By Clyde H. Morgan
It would seen to be the perfect marriage: Master skydivers who are also master shootists. At least, that was our plan. All of us were master skydivers because our United States Parachute Association Class D Master Parachutist License said that we were. But most of us must have been master shooters only in our own minds, because many of the would-be reactive targets never had to react. They survived the day relatively unscathed. The same could not be said of our egos.
The Third Annual Chute ‘N Shoot at Sherman Hill Public Shooting Center near Forest, Mississippi is now history. It was held in between a few showers on Saturday afternoon, March 20, 1999.
Jumpers came from Texas, Alabama, and Mississippi, but only those with a USPA Class D license were allowed to compete. From 10am until competition began at noon, the sky was filled with fun jumpers. Some competitors used the time to hone their marksmanship skills making sure their rifle scopes had not lost their zero and that their special handloads would knock over the steel targets.
All five competitive events were timed. The maximum time allowed in each event was three minutes. The Winner and Runner-Up trophies were awarded to the two competitors who completed all five events in the least amount of time.
The following is a synopsis of each event:
PARACHUTING: The skydiving event was one jump, judged on accuracy. The judge’s stopwatch started when a jumper touched the ground and stopped when he or she touched the 3” center of the 10’ ground panel.
PISTOL: The competitors then moved to the Pistol Range. Each, in turn after a one-minute preparation period, was told to load six rounds into a centerfire handgun with iron sights. On the command of “FIRE”, the stopwatch was punched and not stopped until six steel pepper poppers, each about 3’ tall and shaped like a dip of ice cream on a cone, clanged to the ground. The pepper poppers were staggered from 10 to 25 yards from the shooter. In case of misses, reloads were allowed, but only from loose rounds, not with magazines or speedloaders. The competitors had to shoot from a standing, unsupported position.
RIFLE: On the Rifle Range the competitors were again given the obligatory one-minute preparation period. Each, in turn, then loaded four rounds into a centerfire rifle with either iron sights or scope. On the command of “FIRE”, the competitor had to hit three one-gallon milk jugs filled with water, one each at 40, 80 and 120 yards. When the third jug exploded in an impressive liquid spray, a reactive silhouette target popped-up at 140 yards. When it was hit and fell, the shooter’s time was recorded. Again, the competitors fired from a standing, unsupported position and were allowed to reload.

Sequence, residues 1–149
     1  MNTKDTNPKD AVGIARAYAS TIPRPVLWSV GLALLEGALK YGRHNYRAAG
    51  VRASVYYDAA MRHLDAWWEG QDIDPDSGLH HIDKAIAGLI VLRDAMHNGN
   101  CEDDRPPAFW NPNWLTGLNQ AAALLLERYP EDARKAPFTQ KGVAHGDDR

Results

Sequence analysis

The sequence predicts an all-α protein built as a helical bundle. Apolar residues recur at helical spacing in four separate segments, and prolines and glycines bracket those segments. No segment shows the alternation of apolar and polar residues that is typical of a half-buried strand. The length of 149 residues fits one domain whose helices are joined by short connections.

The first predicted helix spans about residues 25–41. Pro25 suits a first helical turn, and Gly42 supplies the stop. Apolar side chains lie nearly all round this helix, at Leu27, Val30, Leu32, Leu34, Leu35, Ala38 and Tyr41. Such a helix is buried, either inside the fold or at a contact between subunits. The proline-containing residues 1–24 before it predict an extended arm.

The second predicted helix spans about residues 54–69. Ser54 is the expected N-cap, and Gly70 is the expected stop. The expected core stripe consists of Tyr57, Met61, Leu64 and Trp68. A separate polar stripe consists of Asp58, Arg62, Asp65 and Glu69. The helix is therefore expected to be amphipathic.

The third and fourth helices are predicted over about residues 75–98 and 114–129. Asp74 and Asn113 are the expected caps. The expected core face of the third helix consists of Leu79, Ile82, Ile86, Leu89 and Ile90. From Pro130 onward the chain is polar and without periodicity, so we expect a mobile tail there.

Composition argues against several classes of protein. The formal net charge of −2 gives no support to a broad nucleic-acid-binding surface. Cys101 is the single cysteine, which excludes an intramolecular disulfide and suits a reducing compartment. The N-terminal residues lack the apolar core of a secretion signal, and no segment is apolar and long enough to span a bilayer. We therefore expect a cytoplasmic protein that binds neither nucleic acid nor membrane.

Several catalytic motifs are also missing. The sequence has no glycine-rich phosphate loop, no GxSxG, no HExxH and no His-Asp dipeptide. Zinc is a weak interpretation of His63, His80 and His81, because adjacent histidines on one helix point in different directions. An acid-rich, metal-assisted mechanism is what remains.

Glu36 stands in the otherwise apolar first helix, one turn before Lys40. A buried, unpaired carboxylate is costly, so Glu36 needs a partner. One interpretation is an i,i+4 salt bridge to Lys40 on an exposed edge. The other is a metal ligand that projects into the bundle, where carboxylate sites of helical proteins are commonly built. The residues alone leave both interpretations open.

SHOTGUN: Moving to the Shotgun Range, and following the one-minute preparation, the competitors had to break three clay targets thrown across their front. A shooter was allowed to load three shotgun shells with extra shells nearby. Once the shotgun was loaded with muzzle held high, butt low, and safety on, the shooter yelled “PULL”. One single clay was thrown, followed, on the shooter’s command, by a double. When both a single and a double had been broken, the shooter’s time was recorded. Reloads were allowed. Clays were only thrown at the shooter’s command and only when the shotgun was held muzzle high and butt low.
SUB-MACHINEGUN: This was the final event. Shooters were allowed to load one 30-round magazine with two loaded magazines as spares. The targets were once again those apparently armor-plated milk jugs, one each at 10, 15, 20, 25, and 30 yards followed by that pesky, pop-up silhouette target at 50 yards. Competitors were required to fire full auto from a standing, unsupported position. Hits from single shots were not counted. Lots of roar, smoke, dust, and flying brass, but not an awful lot of hits. Embarrassing!
Most of us must be better accuracy jumpers than shooters, but winners always emerge. This time history repeated itself for the third time. For three years in a row the Chute ‘N Shoot was won by Chuck Davis, D 7489, from Jackson, Mississippi with an elapsed time of 194 seconds for all five events.
In Second Place was Clyde H. Morgan, D 20882, from Brandon, Mississippi with a total elapsed time of 217 seconds.
In Third Place was Bill Wasser, D 18153, from Madison, Mississippi with a total elapsed time of 252 seconds.
Storrie Parachute Works, 215 East Hickory Street, Denton, Texas 76201, 800-928-0157, and Cazer Para Loft, 589 East lake Hill Drive, Talladega, Alabama 35160 256-268-9843, provided the following seven prizes which went to the competitors by choice according to their ranking:
1. The Pro-Dytter from Storrie Parachute Works was selected by Chuck Davis.
2. A Gift Certificate of 35% off the purchase of a new canopy from Storries Parachute Works was selected by Clyde Morgan.
3. The FT-50 Altimaster altimeter from Storries Parachute Works was selected by Bill Wasser.
4. The Time Out from Stories Parachute Works was selected by Al Alexander, D 10936, from Allen, Texas.
5. The Set of Risers from Cazer Para Loft was selected by Jim Cazer, D 1887, from Tallageda, Alabama.
6. The Kill Line Pilot Chute from Cazer Para Loft was selected by Glyn Johnson, D 20855, from Oxford, Mississippi.
7. A Gift Certificate of 35% off the purchase of a new canopy from Storries Parachute Works was selected by Larry Stapleston, D 17796, from Flowood, Mississippi.
The Thompson and British Sten sub-machineguns were provided by Storrie Parachute Works.
A British uniform and equipment worn by one of the competitors was provided by Dave’s Military Store and Collectibles, 2605 Hwy 80, Pearl, Mississippi 39208, 601-939-2713
A cookout of hamburgers and hotdogs provided a good ending to a fun day. Now to go home, repack our chutes, reload our empty cases, and get read for next year’s competition.
|This article first appeared in Small Arms Review V3N2 (November 1999)